For other uses, see Corniche (disambiguation).
Not to be confused with Cornice.

This article does not cite any sources. Please help improve this article by adding citations to reliable sources. Unsourced material may be challenged and removed. (May 2007) (Learn how and when to remove this template message)

Storm King Mountain, as seen from across the Hudson River. A corniche carrying New York State Route 218 is visible on the left.

This corniche, known as the Hawk’s Nest, carries New York State Route 97 above the Delaware River.

A corniche is a road on the side of a cliff or mountain, with the ground rising on one side of the road and falling away on the other. The word comes from the French route à corniche or “road on a ledge”.

Corniche Beirut


1 Around the world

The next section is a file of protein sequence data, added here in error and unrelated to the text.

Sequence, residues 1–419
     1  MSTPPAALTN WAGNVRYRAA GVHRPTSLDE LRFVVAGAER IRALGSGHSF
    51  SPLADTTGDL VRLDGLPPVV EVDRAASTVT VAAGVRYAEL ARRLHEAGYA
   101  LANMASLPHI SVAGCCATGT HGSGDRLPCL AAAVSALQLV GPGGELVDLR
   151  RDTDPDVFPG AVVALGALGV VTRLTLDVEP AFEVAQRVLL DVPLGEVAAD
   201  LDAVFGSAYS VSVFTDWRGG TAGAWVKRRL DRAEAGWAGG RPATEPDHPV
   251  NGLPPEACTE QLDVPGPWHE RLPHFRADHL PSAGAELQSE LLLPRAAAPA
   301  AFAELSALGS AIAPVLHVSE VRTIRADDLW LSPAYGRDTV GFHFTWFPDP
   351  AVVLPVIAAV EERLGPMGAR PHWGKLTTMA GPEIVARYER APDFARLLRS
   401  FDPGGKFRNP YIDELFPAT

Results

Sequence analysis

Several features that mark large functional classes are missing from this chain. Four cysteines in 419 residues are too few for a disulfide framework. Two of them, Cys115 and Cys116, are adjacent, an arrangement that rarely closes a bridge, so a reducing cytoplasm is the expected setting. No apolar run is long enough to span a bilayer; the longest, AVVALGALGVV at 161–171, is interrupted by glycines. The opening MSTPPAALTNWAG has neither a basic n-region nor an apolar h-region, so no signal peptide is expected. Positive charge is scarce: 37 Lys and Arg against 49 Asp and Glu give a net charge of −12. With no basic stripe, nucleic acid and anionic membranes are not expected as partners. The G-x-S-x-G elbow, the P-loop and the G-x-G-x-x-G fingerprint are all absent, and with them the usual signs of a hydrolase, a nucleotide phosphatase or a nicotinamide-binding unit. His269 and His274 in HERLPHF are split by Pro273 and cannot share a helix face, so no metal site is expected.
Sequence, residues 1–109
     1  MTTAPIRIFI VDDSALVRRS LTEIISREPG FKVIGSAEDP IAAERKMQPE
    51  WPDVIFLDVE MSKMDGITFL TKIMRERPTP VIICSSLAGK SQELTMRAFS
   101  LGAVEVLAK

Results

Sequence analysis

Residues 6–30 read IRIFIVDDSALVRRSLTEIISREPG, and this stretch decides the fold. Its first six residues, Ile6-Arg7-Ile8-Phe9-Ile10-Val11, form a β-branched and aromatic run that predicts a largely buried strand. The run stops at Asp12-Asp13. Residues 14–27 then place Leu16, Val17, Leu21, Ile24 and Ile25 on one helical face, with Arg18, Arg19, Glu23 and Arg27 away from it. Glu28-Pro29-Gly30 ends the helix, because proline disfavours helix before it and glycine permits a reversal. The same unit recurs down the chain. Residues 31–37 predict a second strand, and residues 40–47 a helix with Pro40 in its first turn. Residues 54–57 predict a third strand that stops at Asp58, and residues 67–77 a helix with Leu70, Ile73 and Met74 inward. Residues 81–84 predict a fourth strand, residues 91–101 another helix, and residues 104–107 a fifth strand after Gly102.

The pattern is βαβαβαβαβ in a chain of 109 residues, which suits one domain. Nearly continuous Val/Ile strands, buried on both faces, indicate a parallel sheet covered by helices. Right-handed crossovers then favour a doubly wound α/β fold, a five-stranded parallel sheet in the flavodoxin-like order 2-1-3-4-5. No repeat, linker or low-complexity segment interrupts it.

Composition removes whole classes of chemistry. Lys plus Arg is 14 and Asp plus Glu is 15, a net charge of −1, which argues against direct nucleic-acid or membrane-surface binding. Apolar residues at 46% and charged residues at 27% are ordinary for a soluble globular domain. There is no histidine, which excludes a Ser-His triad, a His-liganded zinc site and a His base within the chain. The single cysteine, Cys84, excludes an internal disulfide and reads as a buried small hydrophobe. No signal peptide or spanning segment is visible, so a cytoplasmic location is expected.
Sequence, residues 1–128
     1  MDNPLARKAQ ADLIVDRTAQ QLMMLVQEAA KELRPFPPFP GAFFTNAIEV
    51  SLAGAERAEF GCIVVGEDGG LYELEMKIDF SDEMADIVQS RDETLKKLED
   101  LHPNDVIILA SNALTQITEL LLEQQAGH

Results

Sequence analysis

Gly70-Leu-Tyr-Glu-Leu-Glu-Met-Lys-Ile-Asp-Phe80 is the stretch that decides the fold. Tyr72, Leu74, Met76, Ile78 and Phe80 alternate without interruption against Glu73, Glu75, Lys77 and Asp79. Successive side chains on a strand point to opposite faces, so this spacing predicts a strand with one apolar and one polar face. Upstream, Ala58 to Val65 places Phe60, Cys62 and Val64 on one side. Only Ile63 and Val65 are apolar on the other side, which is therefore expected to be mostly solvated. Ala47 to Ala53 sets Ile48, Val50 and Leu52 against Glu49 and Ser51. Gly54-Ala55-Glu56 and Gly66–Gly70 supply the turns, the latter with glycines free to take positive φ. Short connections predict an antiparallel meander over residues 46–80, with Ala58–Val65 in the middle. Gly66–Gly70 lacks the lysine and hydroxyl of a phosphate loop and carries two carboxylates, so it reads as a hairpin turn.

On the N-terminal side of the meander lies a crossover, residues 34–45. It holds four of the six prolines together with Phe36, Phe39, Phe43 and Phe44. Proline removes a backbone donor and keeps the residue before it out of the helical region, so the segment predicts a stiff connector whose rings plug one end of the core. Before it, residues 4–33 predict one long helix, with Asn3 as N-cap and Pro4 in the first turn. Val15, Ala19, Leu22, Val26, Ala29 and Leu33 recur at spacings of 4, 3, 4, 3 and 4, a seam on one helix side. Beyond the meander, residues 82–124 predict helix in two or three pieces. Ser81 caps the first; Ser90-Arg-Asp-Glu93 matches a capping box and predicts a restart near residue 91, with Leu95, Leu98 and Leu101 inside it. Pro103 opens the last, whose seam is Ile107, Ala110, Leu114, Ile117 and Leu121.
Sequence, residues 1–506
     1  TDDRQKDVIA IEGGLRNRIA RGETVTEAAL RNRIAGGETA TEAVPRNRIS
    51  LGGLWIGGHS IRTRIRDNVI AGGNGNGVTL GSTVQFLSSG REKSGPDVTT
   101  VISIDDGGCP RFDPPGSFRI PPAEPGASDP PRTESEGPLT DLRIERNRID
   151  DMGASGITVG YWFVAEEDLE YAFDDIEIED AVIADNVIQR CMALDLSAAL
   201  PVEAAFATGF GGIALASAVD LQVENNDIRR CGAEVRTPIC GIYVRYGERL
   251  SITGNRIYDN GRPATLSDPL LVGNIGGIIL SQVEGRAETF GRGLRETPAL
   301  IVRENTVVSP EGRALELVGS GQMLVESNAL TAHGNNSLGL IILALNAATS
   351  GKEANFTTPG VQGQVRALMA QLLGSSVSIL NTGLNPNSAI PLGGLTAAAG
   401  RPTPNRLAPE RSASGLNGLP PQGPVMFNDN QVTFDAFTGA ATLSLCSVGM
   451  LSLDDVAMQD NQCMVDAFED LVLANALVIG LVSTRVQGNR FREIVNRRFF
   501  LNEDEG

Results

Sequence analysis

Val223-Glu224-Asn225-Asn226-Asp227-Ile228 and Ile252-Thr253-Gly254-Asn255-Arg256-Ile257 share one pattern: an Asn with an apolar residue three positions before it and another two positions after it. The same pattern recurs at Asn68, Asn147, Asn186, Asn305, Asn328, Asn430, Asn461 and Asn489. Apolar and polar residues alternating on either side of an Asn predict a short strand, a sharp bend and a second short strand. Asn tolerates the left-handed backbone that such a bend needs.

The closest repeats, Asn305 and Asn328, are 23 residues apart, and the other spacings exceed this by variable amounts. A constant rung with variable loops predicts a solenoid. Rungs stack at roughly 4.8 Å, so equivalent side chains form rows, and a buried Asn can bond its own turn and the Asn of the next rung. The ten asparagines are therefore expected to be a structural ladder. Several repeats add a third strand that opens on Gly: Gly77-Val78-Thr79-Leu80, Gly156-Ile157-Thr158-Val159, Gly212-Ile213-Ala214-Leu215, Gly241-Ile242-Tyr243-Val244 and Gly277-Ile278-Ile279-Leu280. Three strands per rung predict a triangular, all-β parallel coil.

1.1 France
1.2 Lebanon
1.3 Oman
1.4 Qatar
1.5 United Arab Emirates
1.6 Saudi Arabia

2 References
3 External links

Around the world[edit]
The road that runs roughly between Saint-Jean-Cap-Ferrat (east of Nice) along the sea to Monaco has been colloquially called The Corniche. Another road to the north that parallels it is formally called the Moyenne Corniche.
The avenue that runs along the western and northern coast of the Beirut peninsula is colloquially called Corniche Beirut.
The promenade along the waterfront in Muttrah, Muscat is known as The Corniche.
The promenade that runs for several kilometers along the Doha Bay of Doha is colloquially called Doha Corniche.
United Arab Emirates[edit]

The promenade that runs from the Emirates Palace hotel to the fish market in Abu Dhabi is colloquially called the Corniche.
In Sharjah, the road surrounding Khalid Lagoon is known as Buheira Corniche.
Several other waterfront roads and promenades in the Emirates are also referred to as Corniche, including the Deira Corniche and the Jumeirah Corniche.

Saudi Arabia[edit]
Dammam corniche, Qatif corniche, Khobar corniche, Ras Tanura corniche, Jeddah Corniche, Yanbu corniche, Al Jubail corniche

External links[edit]
The dictionary definition of corniche at Wiktionary